Why are Linfield still paying the penalty?
To say Linfield have a spot of bother when it comes to taking penalties would be an understatement. This season the Blues have scored just two out of the seven they have been awarded. Top local sports psychologist Mark Elliott tells Stuart McKinley how they can go about putting it right
When Linfield crashed out of the County Antrim Shield on Tuesday night after missing a second-half penalty that would have brought them level with Lisburn Distillery, manager David Jeffrey claimed that his side's spot-kick jinx was becoming as bad as a sick joke.
Well, it might be funny if it wasn't so serious.
The Blues have had trouble from the penalty spot over the last three seasons.
Since the beginning of the 2004-05 season the Blues have been awarded 35 penalties and missed 17 of them, five of those coming from the seven they have had during the current campaign.
Although they've usually got away with it, it was always going to bite them at some stage.
And this season the 12-yard curse has left it's teeth marks with a vengeance.
STRIKE ONE: Linfield go out of the Champions League in the first qualifying round 5-3 on aggregate after Peter Thompson misses a penalty in the first-leg against Gorica of Slovenia and that was repeated by Mark Dickson in the second-leg.
STRIKE TWO: First Peter Thompson and then Timmy Adamson miss from the spot as Linfield lose the CIS Cup semi-final shoot-out to Glentoran.
STRIKE THREE: Paul McAreavey fails to beat Philip Matthews and Lisburn Distillery hold onto their 2-1 lead to progress to the final of the County Antrim Shield.
It doesn't have to be like this for the Blues though, as leading sports psychologist Mark Elliott explains.
"There is little doubt that penalty taking has become a problem for Linfield and the statistics of missing 17 out of 35 bear that out," he said.
"Penalties tend to be missed by an inadequately prepared taker whose mind is too focused on the outcome, be it missing or scoring a goal.
"There may be a nervousness in the Linfield team about taking penalties because of their poor record and that is understandable, but that takes away from the concentration on the actual activity that creates the outcome.
"At the moment a penalty is being taken it is not the outcome that is important, it is the process of trying to make sure that there is a positive outcome that matters.
"The player needs to be focused on the process to maximise his success rate from penalties."
So what does that involve and what do the men in blue need to do in order to break the scenario of struggling to score from the spot and failing to fully punish opposing teams for their mistakes?
"The most important thing to do is to develop a penalty-taking routine," says Elliott.
"It is vital for the designated penalty-taker to do this.
"They should replicate the process from the moment when the penalty is awarded, starting with receiving the ball and then approaching the penalty spot.
"That's followed by walking back a pre-determined number of paces to keep the focus and regulating the breathing before facing the goal and focusing completely on the task ahead.
"At this stage visualisation can be brought into play. By visualising putting the ball into a specific area in the goal you are training the brain to put it there and five minutes of that is better than 15 minutes of practice.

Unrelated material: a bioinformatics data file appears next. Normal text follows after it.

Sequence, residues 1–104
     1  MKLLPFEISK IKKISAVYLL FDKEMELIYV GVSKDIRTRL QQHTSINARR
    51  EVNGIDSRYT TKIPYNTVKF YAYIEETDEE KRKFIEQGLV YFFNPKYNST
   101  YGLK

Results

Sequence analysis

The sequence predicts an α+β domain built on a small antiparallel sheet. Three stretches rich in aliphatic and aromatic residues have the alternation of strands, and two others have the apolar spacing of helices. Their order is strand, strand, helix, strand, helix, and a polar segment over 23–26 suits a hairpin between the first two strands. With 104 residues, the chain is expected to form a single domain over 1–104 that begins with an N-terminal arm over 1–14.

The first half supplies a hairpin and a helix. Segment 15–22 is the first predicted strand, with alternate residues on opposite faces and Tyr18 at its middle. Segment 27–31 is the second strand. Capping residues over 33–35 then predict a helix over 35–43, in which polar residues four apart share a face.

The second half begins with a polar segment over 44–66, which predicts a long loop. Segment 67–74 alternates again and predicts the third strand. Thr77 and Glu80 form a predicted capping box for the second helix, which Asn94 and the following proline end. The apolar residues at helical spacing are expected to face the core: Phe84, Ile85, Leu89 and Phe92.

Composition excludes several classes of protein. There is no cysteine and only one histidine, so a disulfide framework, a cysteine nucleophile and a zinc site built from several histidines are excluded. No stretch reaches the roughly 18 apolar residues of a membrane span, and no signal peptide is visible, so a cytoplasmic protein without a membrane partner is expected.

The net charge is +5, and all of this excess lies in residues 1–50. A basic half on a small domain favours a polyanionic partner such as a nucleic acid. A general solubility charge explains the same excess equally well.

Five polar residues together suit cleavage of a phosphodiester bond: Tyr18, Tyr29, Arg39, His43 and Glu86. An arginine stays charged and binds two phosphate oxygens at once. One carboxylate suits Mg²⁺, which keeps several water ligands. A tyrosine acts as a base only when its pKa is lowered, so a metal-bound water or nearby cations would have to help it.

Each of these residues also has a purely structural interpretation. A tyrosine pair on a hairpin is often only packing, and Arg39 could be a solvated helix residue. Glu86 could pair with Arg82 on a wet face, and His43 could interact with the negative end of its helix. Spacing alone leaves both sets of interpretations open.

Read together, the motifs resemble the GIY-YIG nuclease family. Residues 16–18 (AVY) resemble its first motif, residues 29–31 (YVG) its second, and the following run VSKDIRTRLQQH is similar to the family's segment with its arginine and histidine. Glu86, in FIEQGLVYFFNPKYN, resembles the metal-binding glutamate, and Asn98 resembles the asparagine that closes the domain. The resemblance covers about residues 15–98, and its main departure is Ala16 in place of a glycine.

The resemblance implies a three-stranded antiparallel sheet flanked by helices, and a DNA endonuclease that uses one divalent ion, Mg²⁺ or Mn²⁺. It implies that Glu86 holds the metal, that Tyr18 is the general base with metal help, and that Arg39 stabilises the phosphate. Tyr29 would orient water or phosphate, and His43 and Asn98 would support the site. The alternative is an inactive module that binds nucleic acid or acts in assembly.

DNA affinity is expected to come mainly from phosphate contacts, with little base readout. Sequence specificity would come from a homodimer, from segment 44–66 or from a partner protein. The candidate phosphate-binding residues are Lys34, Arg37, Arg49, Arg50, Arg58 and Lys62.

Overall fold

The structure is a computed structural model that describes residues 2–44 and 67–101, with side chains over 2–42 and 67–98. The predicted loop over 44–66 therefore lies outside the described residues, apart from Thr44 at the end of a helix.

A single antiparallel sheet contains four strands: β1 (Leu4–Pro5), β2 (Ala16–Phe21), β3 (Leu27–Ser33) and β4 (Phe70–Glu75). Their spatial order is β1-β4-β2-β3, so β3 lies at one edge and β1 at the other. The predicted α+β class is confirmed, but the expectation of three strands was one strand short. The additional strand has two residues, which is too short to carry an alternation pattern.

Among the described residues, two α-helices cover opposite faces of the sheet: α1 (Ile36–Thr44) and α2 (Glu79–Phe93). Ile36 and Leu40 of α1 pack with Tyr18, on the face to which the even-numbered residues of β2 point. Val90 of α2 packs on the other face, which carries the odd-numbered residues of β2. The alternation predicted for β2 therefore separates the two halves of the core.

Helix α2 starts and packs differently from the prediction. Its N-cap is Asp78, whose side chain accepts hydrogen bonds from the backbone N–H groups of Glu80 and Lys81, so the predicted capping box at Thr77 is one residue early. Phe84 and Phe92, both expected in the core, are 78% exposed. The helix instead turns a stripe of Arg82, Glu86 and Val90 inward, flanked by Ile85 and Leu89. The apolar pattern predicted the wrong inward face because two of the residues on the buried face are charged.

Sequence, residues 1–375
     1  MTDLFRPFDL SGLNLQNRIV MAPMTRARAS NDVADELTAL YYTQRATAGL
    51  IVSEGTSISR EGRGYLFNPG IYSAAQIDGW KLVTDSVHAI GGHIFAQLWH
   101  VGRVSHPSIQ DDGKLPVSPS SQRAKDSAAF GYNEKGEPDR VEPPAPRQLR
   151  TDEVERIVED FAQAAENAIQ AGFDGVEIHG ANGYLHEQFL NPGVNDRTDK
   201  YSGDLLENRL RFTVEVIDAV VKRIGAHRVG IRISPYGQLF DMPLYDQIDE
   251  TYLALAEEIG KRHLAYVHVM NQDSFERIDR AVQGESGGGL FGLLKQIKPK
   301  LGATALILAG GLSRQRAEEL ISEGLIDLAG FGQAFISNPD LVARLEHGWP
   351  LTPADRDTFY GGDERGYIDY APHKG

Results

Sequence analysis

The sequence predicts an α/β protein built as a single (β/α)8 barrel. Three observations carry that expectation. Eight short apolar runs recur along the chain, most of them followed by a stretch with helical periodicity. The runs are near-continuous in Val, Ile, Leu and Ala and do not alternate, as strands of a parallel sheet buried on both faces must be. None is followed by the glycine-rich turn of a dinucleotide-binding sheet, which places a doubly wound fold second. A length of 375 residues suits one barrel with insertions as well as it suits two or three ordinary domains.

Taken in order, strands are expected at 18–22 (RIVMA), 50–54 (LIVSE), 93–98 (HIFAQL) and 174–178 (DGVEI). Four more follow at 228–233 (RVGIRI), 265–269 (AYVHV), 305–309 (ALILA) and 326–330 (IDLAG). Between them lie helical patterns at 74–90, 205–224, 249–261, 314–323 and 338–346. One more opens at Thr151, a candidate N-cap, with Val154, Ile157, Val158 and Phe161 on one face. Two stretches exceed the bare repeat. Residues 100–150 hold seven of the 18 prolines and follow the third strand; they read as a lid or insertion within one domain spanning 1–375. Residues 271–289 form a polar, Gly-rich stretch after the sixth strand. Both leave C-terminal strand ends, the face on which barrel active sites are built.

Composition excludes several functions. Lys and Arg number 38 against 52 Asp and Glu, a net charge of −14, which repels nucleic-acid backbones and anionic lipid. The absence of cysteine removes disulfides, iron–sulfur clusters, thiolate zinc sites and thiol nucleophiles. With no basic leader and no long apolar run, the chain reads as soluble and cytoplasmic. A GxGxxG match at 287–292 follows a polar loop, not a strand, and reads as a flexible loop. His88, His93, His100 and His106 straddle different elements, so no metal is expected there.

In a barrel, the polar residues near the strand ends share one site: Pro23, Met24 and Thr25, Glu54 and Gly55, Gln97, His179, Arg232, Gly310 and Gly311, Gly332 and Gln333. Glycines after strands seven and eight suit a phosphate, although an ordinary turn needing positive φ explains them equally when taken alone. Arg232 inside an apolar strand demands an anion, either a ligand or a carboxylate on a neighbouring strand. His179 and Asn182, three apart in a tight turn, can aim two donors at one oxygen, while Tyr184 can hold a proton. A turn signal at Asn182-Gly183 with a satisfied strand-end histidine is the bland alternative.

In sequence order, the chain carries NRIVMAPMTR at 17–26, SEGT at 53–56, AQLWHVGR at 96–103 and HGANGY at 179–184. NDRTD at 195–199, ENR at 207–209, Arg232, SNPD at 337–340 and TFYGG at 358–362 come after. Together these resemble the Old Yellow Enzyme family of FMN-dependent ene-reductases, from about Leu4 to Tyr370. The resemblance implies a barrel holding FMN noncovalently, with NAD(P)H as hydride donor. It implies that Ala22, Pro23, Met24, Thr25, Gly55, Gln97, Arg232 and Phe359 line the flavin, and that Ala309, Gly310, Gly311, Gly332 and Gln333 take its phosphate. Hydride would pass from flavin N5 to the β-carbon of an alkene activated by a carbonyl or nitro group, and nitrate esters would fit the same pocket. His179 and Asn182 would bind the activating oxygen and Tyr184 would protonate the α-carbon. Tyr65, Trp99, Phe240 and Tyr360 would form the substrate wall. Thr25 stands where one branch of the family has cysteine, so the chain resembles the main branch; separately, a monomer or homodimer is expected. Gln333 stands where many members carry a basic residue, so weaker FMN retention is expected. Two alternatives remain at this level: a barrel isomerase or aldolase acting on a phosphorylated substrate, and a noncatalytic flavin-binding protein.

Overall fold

"It is also worthwhile to remind the brain of previous penalties which have been scored.
"If a pre-strike routine is developed and gone over repeatedly, that teaches the brain that when the player is handed the ball for a penalty, there are a number of steps to go through before a successful kick.
"Without this the brain never quite knows what is supposed to happen."
It has been said many times that practising penalties isn't a worthwhile exercise as the pressure and atmosphere can't be replicated on the training ground, but Elliott strongly disagrees with the view of pundits and commentators.
"Of course players should be practising penalties, especially if they are preparing for a cup match that could end in a penalty shoot-out," he says.
"They practice free-kicks and corners in order to perfect the routine, so why not penalties?
"I would expect that the Linfield players have practised taking penalties, but it is alright practising penalties, I just wonder how they have gone about this.
"Golfers have a pre-shot routine which they go through even on the practice ground and footballers should do the same.
"The concentration then has to be on striking the ball and not to allow thoughts of previous misses by yourself or other team-mates to enter your mind.
"While approaching the penalty-spot it is important to keep thoughts on the positive side and never to change your mind because that plays tricks with the brain and it hates indecision or vagueness.
"Concentrating on the pre-kick routine means that the outcome takes care of itself.
"Penalty shoot-outs are not a lottery as some say. A lottery is a game of chance that you have no control over whatsoever. A penalty kick is something you can be fully in control of and it is the kicker who is in control, not the goalkeeper."
Oh yes, the goalkeeper. Now no matter how much preparation is done and how well a penalty is struck, if a goalkeeper dives the right way he will save it, won't he?
"It may sound crazy, but the goalkeeper has to be taken out of the equation," says Elliott.
"You should only worry about things you have control over and you can't control what the goalkeeper does.
"Placing the ball in certain areas makes it almost impossible for the goalkeeper to save and you can train the mind to put the ball in those areas.
"Of course the goalkeeper may dive to the very area the taker is placing the ball, but if the concentration is on a solid strike of the ball that will make it more difficult for the goalkeeper to save."